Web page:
MOSCOW (Reuters) – Supporters of Kremlin critic Alexei Navalny plan to hold candle-lit gatherings in residential courtyards across Russia on Sunday despite warnings that they could be arrested.
Navalny’s allies have declared a moratorium on street rallies until the spring after police detained thousands of people at protests in the past few weeks against the opposition politician’s arrest and imprisonment.
But they want Russians to show solidarity with Navalny by gathering outside their homes for 15 minutes on Valentine’s Day evening, shining their mobile phone torches and arranging candles in the shape of a heart.
“(President Vladimir) Putin is fear. Navalny is love. That’s why we will win,” Leonid Volkov, one of Navalny’s close allies, wrote on Twitter when calling on people to gather.
Navalny was arrested last month on his return from Germany following treatment for poisoning, in Siberia, with what many Western countries say was a nerve agent. He was jailed on Feb. 2 for violating parole on what he said were trumped-up charges.
He blames Putin for the poisoning, and Western countries are considering new sanctions against Russia. The Kremlin denies any involvement and questions whether Navalny was poisoned.
Volkov, who is based in Lithuania, is one of several Navalny allies now abroad or under house arrest in Russia.
He urged people to flood social media with pictures of Sunday’s gatherings – a new venture for the opposition that resembles political actions in neighbouring Belarus – using the hashtag #loveisstrongerthanfear in Russian.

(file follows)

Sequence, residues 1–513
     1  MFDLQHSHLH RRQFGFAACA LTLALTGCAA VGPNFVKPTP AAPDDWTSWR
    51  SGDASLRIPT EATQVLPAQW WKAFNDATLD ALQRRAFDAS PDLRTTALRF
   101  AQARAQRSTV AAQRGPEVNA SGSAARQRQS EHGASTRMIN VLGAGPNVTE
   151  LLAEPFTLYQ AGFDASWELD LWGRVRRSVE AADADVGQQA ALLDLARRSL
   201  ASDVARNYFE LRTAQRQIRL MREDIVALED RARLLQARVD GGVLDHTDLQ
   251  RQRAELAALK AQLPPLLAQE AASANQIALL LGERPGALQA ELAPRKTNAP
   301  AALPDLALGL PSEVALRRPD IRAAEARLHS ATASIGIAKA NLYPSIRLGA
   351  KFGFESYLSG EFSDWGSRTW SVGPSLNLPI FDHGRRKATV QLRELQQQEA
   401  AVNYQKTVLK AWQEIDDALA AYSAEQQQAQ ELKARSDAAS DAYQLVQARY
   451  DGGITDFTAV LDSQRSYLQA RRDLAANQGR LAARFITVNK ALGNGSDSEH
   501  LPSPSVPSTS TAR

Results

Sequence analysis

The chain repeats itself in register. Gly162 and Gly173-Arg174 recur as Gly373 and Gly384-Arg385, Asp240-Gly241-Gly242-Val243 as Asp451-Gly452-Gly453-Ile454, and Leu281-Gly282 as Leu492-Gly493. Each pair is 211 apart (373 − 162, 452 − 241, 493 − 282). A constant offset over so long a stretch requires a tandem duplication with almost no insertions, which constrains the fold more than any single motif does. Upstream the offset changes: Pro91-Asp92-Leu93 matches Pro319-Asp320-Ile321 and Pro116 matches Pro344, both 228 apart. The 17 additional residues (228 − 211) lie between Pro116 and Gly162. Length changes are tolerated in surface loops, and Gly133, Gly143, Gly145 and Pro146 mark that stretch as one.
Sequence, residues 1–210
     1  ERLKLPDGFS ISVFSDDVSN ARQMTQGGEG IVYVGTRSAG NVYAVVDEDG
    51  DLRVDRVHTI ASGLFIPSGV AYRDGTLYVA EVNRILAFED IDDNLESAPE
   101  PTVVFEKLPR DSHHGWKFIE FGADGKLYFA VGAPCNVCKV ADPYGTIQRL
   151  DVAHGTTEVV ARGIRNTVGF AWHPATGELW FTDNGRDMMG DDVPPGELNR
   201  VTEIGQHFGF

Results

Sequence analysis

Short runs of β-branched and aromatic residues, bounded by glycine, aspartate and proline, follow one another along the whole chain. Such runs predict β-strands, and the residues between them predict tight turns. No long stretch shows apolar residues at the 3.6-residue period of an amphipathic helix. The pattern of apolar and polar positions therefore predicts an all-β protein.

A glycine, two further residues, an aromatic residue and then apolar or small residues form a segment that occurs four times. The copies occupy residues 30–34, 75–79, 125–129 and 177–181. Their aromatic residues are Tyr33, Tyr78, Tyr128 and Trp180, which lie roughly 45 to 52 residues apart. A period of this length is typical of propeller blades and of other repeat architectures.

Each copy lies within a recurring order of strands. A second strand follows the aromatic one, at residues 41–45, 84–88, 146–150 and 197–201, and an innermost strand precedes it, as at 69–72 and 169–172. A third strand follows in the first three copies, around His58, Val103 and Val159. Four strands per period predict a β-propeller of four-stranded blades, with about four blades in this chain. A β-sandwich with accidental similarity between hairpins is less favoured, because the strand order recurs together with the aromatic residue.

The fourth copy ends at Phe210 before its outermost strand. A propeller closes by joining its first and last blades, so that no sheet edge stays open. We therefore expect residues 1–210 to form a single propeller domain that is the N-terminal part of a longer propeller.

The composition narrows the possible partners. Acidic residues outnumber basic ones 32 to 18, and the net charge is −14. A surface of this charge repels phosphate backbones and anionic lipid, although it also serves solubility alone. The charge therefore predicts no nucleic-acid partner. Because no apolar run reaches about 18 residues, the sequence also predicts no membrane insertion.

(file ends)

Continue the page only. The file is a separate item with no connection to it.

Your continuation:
Another activist has called on women to form a human chain on a pedestrian street in Moscow on Sunday afternoon in support of Navalny’s wife Yulia, who according to media reports flew to Germany this week, and other women affected by the police crackdown against protesters.
Russian law enforcement agencies said on Thursday that people taking part in unsanctioned rallies could face criminal charges.
Some rights groups accuse police of using disproportionate force against protesters in recent weeks. The Kremlin has denied repression by police and says the protests were illegal as they were not approved and risk spreading COVID-19.
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